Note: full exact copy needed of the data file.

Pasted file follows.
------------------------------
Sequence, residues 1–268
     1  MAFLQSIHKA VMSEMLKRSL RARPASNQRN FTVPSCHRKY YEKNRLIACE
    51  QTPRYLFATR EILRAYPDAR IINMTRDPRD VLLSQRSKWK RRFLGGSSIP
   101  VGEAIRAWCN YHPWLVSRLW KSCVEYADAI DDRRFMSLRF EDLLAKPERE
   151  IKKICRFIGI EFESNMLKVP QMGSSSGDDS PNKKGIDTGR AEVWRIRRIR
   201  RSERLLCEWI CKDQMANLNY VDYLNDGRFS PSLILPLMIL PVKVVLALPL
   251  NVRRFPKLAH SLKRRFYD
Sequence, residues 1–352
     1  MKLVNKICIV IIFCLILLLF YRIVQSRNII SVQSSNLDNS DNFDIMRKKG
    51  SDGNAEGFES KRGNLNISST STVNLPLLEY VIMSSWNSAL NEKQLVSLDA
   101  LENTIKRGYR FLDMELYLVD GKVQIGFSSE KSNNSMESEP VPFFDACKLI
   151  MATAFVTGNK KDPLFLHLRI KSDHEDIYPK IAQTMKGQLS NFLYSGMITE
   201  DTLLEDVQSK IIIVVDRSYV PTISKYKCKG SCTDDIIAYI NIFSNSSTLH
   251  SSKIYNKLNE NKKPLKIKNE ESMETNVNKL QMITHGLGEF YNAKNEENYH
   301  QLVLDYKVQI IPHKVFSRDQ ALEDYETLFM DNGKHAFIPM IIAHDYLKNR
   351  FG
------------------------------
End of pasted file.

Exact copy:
Sequence, residues 1–268
     1  MAFLQSIHKA VMSEMLKRSL RARPASNQRN FTVPSCHRKY YEKNRLIACE
    51  QTPRYLFATR EILRAYPDAR IINMTRDPRD VLLSQRSKWK RRFLGGSSIP
   101  VGEAIRAWCN YHPWLVSRLW KSCVEYADAI DDRRFMSLRF EDLLAKPERE
   151  IKKICRFIGI EFESNMLKVP QMGSSSGDDS PNKKGIDTGR AEVWRIRRIR
   201  RSERLLCEWI CKDQMANLNY VDYLNDGRFS PSLILPLMIL PVKVVLALPL
   251  NVRRFPKLAH SLKRRFYD
Sequence, residues 1–352
     1  MKLVNKICIV IIFCLILLLF YRIVQSRNII SVQSSNLDNS DNFDIMRKKG
    51  SDGNAEGFES KRGNLNISST STVNLPLLEY VIMSSWNSAL NEKQLVSLDA
   101  LENTIKRGYR FLDMELYLVD GKVQIGFSSE KSNNSMESEP VPFFDACKLI
   151  MATAFVTGNK KDPLFLHLRI KSDHEDIYPK IAQTMKGQLS NFLYSGMITE
   201  DTLLEDVQSK IIIVVDRSYV PTISKYKCKG SCTDDIIAYI NIFSNSSTLH
   251  SSKIYNKLNE NKKPLKIKNE ESMETNVNKL QMITHGLGEF YNAKNEENYH
   301  QLVLDYKVQI IPHKVFSRDQ ALEDYETLFM DNGKHAFIPM IIAHDYLKNR
   351  FG